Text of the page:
To put it bluntly, video games are, at best, mildly insensitive towards LGBT subjects, and at worst, downright prejudiced and insulting. There have been many LGBT characters since the creation of video games, but the sheer narrowness of the character design array is frightening. Almost every single LGBT character in video games can be classified with one or more of these simple tags: Villain, Monstrous or Stereotypical. For such a diverse medium, the fact that these three categories can contain almost all LGBT characters should be alarming in and of itself.

That is not the only reason we should be worried though. The amount of times characters have been censored in certain countries because they were LGBT is much higher than one would expect. Not to mention the fact that different parts of the LGBT spectrum are seen as more “acceptable” or “normal” than others. A large number of LGBT characters have their sexuality as their only character trait; as if their sexuality is the only thing that defines these characters.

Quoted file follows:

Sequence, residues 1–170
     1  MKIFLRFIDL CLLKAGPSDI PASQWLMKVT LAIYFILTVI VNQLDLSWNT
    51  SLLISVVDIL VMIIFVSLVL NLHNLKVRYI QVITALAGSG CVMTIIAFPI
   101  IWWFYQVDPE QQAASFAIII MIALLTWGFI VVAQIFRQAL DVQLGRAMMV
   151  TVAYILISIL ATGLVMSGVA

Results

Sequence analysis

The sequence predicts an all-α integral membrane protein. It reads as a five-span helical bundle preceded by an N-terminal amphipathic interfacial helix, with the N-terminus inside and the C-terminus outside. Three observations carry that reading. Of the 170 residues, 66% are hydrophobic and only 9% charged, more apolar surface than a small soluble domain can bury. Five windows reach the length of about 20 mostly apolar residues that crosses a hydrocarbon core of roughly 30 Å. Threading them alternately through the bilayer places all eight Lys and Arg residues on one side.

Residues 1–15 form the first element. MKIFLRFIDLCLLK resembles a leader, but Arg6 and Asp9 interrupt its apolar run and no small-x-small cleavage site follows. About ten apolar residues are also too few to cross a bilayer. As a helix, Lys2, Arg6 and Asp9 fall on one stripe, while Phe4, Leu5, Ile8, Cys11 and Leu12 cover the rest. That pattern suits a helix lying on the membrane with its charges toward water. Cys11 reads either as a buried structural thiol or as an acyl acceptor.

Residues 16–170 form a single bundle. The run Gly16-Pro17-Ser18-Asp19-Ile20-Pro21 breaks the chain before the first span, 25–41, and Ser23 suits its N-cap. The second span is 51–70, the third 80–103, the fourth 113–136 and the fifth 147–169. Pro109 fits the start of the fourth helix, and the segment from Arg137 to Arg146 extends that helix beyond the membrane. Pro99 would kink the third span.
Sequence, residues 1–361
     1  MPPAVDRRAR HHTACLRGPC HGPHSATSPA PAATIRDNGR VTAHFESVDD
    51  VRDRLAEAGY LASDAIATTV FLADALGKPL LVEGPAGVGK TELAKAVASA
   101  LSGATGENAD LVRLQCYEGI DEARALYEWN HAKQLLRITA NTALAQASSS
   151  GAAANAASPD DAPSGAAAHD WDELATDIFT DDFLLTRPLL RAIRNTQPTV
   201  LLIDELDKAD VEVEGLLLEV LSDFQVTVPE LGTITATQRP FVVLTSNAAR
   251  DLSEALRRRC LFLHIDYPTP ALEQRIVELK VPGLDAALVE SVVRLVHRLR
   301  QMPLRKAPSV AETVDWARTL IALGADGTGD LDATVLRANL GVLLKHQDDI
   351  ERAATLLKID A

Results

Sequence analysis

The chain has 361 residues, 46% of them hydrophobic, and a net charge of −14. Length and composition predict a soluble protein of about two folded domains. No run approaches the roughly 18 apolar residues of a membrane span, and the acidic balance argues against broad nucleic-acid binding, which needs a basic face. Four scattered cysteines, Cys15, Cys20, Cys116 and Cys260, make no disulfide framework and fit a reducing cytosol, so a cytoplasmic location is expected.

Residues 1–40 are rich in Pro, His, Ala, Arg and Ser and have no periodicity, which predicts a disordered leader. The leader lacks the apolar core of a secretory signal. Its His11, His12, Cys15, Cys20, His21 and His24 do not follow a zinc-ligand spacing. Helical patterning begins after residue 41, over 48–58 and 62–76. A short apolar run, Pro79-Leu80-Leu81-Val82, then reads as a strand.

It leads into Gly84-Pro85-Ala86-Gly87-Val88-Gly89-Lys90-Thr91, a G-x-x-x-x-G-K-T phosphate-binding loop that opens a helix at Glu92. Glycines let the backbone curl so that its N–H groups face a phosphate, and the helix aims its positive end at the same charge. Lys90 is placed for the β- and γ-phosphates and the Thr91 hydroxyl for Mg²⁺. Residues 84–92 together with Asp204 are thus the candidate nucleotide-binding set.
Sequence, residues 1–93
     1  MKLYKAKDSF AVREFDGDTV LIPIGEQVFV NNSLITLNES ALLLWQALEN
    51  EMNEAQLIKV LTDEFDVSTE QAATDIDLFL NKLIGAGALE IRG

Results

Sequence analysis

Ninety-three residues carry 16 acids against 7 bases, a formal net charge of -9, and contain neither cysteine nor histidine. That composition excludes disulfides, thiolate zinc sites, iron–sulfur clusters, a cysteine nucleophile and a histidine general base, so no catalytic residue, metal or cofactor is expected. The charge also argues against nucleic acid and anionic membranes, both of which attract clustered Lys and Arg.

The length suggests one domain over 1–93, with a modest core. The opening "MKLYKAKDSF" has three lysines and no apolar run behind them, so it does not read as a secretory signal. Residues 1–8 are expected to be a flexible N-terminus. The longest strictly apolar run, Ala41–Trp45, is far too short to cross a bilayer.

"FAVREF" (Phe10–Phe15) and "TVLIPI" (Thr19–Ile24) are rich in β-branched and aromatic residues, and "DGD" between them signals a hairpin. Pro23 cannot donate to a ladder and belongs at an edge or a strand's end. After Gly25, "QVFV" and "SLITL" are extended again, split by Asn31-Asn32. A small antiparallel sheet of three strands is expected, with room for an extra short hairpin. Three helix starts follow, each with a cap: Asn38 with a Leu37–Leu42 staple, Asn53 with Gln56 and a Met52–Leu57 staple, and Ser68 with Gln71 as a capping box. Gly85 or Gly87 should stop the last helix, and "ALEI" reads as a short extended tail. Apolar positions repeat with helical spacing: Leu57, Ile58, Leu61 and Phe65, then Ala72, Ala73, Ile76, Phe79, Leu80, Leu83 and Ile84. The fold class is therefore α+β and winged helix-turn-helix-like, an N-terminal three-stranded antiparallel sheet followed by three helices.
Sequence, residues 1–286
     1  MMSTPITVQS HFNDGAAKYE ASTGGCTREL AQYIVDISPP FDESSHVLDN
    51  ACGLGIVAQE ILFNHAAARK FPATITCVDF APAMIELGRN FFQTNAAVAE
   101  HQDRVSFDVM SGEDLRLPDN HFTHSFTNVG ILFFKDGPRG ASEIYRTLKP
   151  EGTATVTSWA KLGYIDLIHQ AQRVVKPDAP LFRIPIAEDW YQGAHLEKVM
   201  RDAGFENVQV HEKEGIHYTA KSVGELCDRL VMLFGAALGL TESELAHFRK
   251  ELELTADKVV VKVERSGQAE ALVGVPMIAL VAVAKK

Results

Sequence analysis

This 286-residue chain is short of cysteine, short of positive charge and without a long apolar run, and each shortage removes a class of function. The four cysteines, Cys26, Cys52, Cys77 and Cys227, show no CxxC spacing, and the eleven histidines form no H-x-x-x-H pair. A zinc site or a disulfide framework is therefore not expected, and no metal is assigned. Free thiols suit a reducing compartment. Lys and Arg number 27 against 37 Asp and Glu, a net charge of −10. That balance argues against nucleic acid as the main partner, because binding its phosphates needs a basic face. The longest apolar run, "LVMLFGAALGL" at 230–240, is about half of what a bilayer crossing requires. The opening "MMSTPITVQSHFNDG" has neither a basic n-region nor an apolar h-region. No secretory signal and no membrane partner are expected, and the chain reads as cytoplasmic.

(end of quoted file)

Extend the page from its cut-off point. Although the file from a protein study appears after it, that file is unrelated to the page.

As gamers, we need to realise that this prejudice exists and call it what it is: unfair treatment.

The biggest issue faced by LGBT characters when portrayed in video games is their tendency to be villains. Being homosexual or transgender is almost exclusively a trait held by villains or antagonists. Aside from “blank canvas” characters, such as player made Sims (The Sims – 2008-present) or The Dragonborn in The Elder Scrolls V: Skyrim (Bethesda Game Studios – 2011), there are very few heroes or even neutral characters in video games that are classified as LGBT.

Here is a list of just seven LGBT characters in video games. This doesn’t include “blank canvas” characters like the ones mentioned above.

  1. Poison (Final Fight – 1989). Transgender. Villain.
  2. Flea (Chrono Trigger – 1995). Transvesite or Transgender. Villain
  3. Baron Friedrich von Glower (The Beast Within: A Gabriel Knight Mystery – 1995). Homosexual. Villain.
  4. Luecos (Glory of Heracles – 2008/2010). Homosexual and Transvestite. Protagonist’s Teammate.